I begin my day with an early visit to Dr. David Anderson, a Frederick Douglass scholar, visiting professor at Nazareth College, founding member of Blackstorytelling League, and an all around delightful and fascinating man! He is kind enough to grant me an interview of an hour or so, which ends up turning into a much longer conversation than that.

Among many other things too numerous to describe in full here (I’ll bring more details of our talk into the discussion of my subsequent discoveries), we talk about the Douglass family as a whole, and especially, Frederick Douglass’ wife Anna.

As discussed in the account of my day in Lynn, Anna took in piecework from Lynn’s thriving shoe industry, attaching uppers to soles, to help support the family. According to Anderson, she brought in enough money doing this to put all of the money which Douglass sent home from his 1845-1847 British Isles tour into the bank. This is but one example of Anna’s hard work and skill as a household manager. The extent of Anna’s contributions to Frederick’ life is often overlooked, Anderson says: if people understood the degree to which Frederick relied on Anna, emotionally as well as logistically, people would understand much more about him too. From the beginning of their relationship, Anna supported his efforts to better himself and to make his escape, selling some of her belongings to fund it and helping him to plan it all out. Anna made the Douglass family home a happy one, and for many stretches especially in Douglass’ earlier years as a traveling speaker, she was often the sole financial support of the family. And when Frederick away on his innumerable meetings and lecture tours, she sent clean clothes ahead to wherever he was traveling, so he was always ready to appear in public neat, tidy, and comfortable.

Anna Douglass circa 1860, image from the Library of Congress collection

Anna Douglass circa 1860, image from the Library of Congress collection

Anna did all of this though she could not read or write. As Anderson points out, people often confuse illiteracy with lack of intelligence, and this simple fact, in addition to the general reticence of her personality, has long caused many to write her off as an influential or even very significant figure in Frederick’s life. In fact, she was resourceful, orderly, dignified, creative, and kept their ever-changing and complex life as the family of a traveling speaker and activist together, all while taking care of their constant flow of house guests, including Underground Railroad refugees. As she had been in Lynn, Anna was initially a member of the local Anti-Slavery Society but withdrew at some point. Anderson says it was because of apparent disdain of some of the members for Anna, perhaps because of her lack of education. I ask Anderson if the Society was elitist, but he thinks while this is a possibility on the part of some members, he doesn’t see J. P. Morris, a successful barber and leader of the black contingent of the Rochester Society, this way at all. Presumably, Morris would have set the tone for Society meetings. Whatever or whoever the source of Anna’s discomfiture, she was a dignified person, and it’s easy to see why she would withdraw if she did feel her dignity under attack in any way.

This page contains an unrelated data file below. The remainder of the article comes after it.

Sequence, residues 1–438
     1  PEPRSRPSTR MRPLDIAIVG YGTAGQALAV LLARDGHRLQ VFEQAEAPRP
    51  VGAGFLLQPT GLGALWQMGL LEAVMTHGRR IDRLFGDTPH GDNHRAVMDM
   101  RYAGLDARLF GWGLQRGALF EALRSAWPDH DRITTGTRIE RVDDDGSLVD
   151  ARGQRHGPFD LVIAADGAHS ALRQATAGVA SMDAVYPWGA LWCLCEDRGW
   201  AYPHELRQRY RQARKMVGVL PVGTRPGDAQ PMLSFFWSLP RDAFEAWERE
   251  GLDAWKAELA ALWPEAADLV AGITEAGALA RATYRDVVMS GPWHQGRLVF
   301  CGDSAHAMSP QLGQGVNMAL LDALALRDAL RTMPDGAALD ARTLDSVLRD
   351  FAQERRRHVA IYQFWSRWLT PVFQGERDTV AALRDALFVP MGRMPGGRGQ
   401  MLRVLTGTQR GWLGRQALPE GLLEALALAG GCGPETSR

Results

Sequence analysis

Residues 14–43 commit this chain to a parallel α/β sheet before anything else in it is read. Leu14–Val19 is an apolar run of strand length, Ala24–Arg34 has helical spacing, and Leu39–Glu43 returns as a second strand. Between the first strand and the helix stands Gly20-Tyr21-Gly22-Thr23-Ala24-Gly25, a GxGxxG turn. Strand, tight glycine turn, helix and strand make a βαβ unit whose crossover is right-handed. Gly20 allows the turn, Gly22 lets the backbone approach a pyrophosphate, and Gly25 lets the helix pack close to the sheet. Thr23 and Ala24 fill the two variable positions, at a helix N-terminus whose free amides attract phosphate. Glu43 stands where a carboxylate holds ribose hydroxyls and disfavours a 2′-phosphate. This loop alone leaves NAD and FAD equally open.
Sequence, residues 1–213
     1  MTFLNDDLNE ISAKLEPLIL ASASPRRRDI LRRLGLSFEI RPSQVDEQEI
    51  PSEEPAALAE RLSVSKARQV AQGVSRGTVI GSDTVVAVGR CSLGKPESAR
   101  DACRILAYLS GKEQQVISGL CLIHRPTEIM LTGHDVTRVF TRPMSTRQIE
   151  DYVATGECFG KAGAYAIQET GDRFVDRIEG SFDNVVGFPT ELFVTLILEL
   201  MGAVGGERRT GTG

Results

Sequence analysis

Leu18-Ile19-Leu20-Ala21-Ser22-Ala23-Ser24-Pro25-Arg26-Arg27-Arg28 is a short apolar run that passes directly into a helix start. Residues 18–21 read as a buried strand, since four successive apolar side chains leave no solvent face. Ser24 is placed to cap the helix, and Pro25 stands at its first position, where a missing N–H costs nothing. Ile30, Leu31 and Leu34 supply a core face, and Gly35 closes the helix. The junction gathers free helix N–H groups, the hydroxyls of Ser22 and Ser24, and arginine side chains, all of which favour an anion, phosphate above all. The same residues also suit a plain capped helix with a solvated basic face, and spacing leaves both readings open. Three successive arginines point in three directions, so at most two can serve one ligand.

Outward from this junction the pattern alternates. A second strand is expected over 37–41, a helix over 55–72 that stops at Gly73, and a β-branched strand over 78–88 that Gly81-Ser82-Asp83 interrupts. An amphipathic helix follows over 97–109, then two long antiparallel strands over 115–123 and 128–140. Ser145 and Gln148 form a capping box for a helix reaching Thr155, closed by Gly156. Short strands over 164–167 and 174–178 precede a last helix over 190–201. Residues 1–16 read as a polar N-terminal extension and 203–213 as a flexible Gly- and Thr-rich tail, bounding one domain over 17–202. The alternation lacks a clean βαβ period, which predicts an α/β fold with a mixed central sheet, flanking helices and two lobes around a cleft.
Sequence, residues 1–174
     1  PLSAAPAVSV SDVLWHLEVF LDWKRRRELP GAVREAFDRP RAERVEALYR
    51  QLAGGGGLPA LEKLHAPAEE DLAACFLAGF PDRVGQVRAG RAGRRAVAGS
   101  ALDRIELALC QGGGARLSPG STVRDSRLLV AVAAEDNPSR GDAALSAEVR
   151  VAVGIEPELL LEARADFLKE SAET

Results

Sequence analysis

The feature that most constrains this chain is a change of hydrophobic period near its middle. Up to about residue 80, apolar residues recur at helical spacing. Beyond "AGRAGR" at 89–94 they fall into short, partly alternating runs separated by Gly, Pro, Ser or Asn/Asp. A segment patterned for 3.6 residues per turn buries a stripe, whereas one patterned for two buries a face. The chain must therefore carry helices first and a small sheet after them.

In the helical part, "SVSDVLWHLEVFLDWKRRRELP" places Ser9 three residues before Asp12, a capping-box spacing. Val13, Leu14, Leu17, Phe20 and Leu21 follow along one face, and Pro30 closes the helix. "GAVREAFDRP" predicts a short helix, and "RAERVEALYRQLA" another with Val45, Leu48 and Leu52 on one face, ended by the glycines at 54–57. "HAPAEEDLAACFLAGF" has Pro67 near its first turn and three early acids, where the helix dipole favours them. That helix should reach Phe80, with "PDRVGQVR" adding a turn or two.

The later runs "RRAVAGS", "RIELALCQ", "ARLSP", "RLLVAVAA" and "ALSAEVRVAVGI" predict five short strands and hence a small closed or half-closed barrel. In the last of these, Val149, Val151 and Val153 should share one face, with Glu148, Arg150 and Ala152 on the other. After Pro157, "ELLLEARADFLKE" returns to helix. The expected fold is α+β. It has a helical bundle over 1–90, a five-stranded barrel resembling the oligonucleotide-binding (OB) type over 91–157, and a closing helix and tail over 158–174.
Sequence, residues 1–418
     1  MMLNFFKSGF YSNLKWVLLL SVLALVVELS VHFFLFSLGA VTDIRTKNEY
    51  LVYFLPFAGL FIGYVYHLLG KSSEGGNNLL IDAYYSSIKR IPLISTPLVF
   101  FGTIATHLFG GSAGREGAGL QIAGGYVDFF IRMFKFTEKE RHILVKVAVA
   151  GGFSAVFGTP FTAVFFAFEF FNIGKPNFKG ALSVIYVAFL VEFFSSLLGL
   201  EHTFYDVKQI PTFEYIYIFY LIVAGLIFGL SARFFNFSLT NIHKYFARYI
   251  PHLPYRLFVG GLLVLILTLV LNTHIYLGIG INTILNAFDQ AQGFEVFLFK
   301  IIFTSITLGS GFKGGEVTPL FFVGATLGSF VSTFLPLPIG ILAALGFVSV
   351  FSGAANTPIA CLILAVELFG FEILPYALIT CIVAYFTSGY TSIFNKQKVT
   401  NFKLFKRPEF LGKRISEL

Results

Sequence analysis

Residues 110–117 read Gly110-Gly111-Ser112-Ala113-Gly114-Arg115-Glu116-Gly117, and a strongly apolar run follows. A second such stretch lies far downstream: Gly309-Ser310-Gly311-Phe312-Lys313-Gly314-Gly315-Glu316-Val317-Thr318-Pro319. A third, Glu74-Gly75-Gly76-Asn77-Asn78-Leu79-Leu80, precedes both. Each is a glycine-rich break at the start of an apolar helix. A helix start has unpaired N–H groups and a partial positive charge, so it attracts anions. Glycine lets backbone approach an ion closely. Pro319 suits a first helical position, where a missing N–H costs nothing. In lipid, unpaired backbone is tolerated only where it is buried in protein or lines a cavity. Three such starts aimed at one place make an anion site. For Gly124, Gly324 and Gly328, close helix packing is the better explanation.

Amy Cools and Frederick Douglass scholar David Anderson at Nazareth College. Pro

Amy Cools and Frederick Douglass scholar David Anderson in his office at Nazareth College.

For more about Anna Douglass, please listen to my conversation with Leigh Fought, who has made a study of Anna for her upcoming book on the women in Frederick Douglass’ life.

Among the many things I discuss with Anderson, I ask him where Rochester’s City Hall was in 1865; when I had looked for it, I found that the first official one, now called Irving Place / Old City Hall, was built in 1875 at 30 West Broad Street. He thinks it was probably on Broad St because that was the city center, but to make sure I have the exact location, he directs me to the Central Library of Rochester and Monroe County, to the City Historian’s office in the Rundel Building at 115 South Avenue. So that’s where I head next.

Rundell Building, Central Library of Rochester and Monroe County

Rundel Building, of the Central Library of Rochester and Monroe County, at 115 South Ave

Index references to Old City Hall and Peck Estate, City Historian's Office of Rochester Public Library, 2016 Amy CoolsThe Rundel building is a handsome structure built spanning the years from the 19-teens through the 1930’s, and its pale gray-brown stone walls are punctuated with inscriptions, including this paraphrase of a John Dewey quote: ‘Education is more than preparation for life, it is life itself’. I’m sure Frederick Douglass would heartily concur, as much as he stressed the practical importance of education as well.

Librarian Cheri Crist, so knowledgeable and so generous with her time, proceeds to help me find what I’m looking for. Not long ago, she made a far more exciting discovery: a previously unknown Frederick Douglass photograph, taken in about 1873 and lost in the depths of the archives for over a hundred years. Today, Crist provides me with sources to help me track down the 1865 location of City Hall, starting with a search of the index card files, though we don’t find any that indicate the right time period there. We decide to cross reference some index entries with old newspapers, and Veronica Shaw helps me find old microfiches of the Rochester Daily Union. (*A clarification from Cheri Crist since this account was published: ‘The resources that we consulted at the Rochester Public Library are from the collection of the Local History & Genealogy Division, which is the department I worked for [as opposed to the City Historian’s office, which is a different entity]’. Thank you for the clarification, Cheri!)